HIE, user input help improve public health reporting

A project to rethink the paper-based process in which clinical providers do reporting for public health surveillance helped ensure that IT development was driven by users' workflow needs.

The project, carried about by researchers from the University of Washington and the Regenstrief Institute, took a participatory design approach to converting the burdensome and often incomplete reporting process, reports eGEMS (Generating Evidence & Methods to improve patient outcomes.)

The proposed new system would take a process that previously involved faxing paper forms to the public health agency to one in which electronic reporting forms were pre-populated with relevant data available from the electronic health record system used by the Indiana Health Information Exchange (IHIE).

Based in Marion County, Indiana, reporting for the study was required for two distinct working groups: sexually transmitted infections (STIs) and non-STIs. It focused on seven targeted conditions: hepatitis B, chronic hepatitis C, chlamydia, gonorrhea, histoplasmosis, salmonella, and syphilis.

The process involved six phases: team brainstorming; public health focus groups to refine ideas; a technical feasibility assessment; a public health stakeholder survey on system functionality; forms prototyping; and a public health focus group form review.

"By involving public health end users in the process of form redesign, we were made aware of important differences between policy needs (e.g., state-mandated fields on the forms) and actual workflow needs," the authors wrote, stressing that by improving usability, they hoped public health agencies would receive more complete and accurate data.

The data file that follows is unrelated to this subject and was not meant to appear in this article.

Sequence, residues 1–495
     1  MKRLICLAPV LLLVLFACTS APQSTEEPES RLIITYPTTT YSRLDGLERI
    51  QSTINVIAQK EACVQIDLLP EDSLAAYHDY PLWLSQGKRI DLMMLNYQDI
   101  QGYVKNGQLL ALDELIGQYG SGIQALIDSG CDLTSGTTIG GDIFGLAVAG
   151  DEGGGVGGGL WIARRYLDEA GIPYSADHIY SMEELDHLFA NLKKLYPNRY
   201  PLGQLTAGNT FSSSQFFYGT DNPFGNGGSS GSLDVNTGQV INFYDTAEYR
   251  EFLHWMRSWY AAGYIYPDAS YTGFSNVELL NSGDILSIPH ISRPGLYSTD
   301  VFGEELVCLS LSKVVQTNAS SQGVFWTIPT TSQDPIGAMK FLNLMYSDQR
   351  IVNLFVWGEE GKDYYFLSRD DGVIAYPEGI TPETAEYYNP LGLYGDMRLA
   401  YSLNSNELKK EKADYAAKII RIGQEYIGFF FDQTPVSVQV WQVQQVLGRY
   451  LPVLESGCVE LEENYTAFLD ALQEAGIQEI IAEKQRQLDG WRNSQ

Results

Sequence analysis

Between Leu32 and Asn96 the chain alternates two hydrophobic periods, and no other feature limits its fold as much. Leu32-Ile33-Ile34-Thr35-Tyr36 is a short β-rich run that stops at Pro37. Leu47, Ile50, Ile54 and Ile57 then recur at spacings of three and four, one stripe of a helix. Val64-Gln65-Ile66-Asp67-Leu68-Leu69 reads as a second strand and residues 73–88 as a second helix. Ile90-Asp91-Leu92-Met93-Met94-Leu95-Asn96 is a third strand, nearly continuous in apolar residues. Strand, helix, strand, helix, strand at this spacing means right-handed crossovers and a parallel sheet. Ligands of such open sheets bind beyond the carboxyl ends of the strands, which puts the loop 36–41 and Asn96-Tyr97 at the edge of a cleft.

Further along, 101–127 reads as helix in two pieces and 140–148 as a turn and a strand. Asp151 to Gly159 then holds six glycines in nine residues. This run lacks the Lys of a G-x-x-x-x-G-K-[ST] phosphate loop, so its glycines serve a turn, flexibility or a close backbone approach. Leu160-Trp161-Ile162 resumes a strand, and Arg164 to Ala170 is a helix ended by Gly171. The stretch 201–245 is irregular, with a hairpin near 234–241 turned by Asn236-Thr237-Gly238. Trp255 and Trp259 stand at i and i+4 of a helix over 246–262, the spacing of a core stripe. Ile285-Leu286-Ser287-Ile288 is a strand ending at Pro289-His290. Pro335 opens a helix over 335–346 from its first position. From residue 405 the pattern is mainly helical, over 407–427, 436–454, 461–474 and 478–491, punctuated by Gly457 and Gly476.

"Rather than recreating a paper form using IT software, we redesigned the form to respond to the realities and goals of the work being done, and the context of its use by clinicians and policymakers," they said.

A similar project by the New York City Public Health Department, called NYC Macroscope, compiles EHR data from primary care practices involved in New York's Primary Care Information Project to monitor conditions such as obesity and hypertension, as well as smoking rates and flu vaccinations.

Public health surveillance also is a core function of the District of Columbia Health Information Exchange program. Its population includes a high percentage of residents who live in poverty and are on Medicaid, and it has a large homeless population.

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